Department of Cell Biology and Molecular Genetics



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Volker Briken

Associate Professor

Ph.D. - University of Paris (France), 1998
Telephone: (301) 405-0289
Fax: (301) 314-9489

Research Interests: Mycobacterium tuberculosis, Host-Pathogen Interactions, Apoptosis, Lipid and Protein Antigen Presentation, Virulence Genes.


Tuberculosis (TB) is an infectious disease of global importance. It is estimated that about one third of all humans are latently infected with its etiologic agent, Mycobacterium tuberculosis (Mtb) and 2.5 million people will die of TB annually. The currently used vaccine strain, Bacillus Calmette-Guérin (BCG) has proven to be very safe but its efficiency in protecting adults from TB has ranged from 0 to 80%. The chemotherapy of TB is inefficient since it takes 6-9 month to complete. In addition, multi-drug resistant (MDR) strains of Mtb have been detected in over 70 countries and more recently outbreaks of extreme-drug (XDR) resistant strains have raised growing concerns. The emergence of tuberculosis due to MDR/XDR-Mtb and the deadly synergy of the HIV/AIDS epidemic with TB killing millions of people every year, strongly underlines the need for an improved vaccine and/or better drugs to protect humans from TB.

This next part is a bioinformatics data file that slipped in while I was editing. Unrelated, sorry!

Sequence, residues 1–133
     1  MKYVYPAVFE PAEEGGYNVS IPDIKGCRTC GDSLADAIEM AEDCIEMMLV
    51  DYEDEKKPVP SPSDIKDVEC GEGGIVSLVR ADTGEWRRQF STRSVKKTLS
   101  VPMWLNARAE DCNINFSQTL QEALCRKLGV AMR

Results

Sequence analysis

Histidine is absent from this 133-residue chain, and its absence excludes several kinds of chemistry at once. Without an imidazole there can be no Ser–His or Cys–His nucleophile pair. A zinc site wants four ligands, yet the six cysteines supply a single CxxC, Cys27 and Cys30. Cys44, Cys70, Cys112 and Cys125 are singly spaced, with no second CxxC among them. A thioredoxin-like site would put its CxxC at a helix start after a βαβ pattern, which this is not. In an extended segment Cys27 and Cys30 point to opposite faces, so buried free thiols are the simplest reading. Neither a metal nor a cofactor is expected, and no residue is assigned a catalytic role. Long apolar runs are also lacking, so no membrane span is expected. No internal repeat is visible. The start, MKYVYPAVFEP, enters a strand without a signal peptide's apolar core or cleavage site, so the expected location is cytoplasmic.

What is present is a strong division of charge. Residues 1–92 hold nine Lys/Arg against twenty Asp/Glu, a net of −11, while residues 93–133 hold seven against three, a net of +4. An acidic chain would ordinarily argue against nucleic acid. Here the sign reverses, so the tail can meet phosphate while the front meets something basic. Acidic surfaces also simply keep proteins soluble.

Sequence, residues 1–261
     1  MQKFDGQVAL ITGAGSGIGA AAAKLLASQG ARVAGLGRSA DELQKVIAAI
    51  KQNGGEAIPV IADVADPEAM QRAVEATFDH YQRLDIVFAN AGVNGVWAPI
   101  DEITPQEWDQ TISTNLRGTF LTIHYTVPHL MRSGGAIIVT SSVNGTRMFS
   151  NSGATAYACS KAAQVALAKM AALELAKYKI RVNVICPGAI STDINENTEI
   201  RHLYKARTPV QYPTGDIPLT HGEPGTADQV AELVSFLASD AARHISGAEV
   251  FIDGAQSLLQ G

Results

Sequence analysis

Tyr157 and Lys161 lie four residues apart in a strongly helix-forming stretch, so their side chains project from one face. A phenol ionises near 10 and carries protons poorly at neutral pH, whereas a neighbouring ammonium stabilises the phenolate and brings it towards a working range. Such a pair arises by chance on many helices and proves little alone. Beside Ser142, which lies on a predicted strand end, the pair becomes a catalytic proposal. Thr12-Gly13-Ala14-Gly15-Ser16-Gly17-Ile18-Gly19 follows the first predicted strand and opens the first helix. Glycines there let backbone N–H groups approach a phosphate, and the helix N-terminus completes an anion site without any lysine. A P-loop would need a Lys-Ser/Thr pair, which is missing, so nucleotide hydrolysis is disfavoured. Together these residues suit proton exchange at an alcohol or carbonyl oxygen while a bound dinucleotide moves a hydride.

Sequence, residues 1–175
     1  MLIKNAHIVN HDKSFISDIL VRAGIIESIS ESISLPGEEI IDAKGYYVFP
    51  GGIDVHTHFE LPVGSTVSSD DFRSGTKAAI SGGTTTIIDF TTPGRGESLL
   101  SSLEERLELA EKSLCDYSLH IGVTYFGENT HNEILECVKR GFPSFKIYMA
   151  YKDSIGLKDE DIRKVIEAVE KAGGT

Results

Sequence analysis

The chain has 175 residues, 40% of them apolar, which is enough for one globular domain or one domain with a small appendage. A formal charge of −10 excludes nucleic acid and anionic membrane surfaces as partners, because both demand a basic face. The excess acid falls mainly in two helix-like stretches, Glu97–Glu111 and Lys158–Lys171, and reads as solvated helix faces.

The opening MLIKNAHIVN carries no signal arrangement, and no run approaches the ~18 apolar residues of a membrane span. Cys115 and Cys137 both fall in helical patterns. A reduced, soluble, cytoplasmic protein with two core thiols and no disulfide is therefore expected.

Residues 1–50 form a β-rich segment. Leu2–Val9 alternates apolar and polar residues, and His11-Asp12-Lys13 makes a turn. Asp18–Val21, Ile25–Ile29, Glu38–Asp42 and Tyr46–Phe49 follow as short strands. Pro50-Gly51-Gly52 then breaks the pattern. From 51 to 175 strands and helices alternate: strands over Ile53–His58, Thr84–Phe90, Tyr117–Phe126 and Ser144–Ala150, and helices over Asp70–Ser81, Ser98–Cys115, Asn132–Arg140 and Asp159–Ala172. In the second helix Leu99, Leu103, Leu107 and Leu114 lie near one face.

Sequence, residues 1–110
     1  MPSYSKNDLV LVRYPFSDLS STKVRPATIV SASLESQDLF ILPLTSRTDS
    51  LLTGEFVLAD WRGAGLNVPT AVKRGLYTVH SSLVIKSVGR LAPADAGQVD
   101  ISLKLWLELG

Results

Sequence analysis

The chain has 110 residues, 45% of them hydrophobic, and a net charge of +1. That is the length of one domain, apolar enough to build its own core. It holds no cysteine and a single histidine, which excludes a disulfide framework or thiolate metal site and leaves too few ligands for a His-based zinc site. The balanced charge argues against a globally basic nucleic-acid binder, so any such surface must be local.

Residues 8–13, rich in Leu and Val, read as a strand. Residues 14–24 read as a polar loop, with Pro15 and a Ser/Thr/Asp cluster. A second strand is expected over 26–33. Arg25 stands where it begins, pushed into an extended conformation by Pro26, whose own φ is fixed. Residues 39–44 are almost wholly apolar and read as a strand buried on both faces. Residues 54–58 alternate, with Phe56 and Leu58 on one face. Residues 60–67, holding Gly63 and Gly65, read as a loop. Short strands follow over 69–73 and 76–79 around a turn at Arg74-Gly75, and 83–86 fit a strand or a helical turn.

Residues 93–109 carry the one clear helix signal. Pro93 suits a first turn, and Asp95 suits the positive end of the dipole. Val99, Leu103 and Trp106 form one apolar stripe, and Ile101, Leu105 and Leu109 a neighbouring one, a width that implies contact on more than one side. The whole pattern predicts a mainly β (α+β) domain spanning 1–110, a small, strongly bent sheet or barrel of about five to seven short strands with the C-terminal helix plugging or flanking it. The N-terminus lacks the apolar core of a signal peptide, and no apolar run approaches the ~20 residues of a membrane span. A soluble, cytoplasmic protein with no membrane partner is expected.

In order for Mtb to survive and persist, bacteria need to manipulate infected cells at many levels. In my laboratory we recently executed an innovative “gain-of-function” genetic screen to identify anti-apoptosis genes in Mtb. We identified three independent genomic regions of Mtb that contain anti-apoptosis genes. Subsequently, we identified one of the genes (nuoG) within one of the regions as being important for the anti-apoptosis phenotype and virulence of Mtb (PLOS Pathogens 2007).These findings established that the capacity of Mtb to inhibit host cell apoptosis is a new virulence pathway. The research focus of my laboratory is to identify the anti-apoptosis genes in the Mtb genome, to investigate the molecular mechanism of their host cell apoptosis inhibition and to characterize their impact on bacterial virulence using the mouse model of TB.



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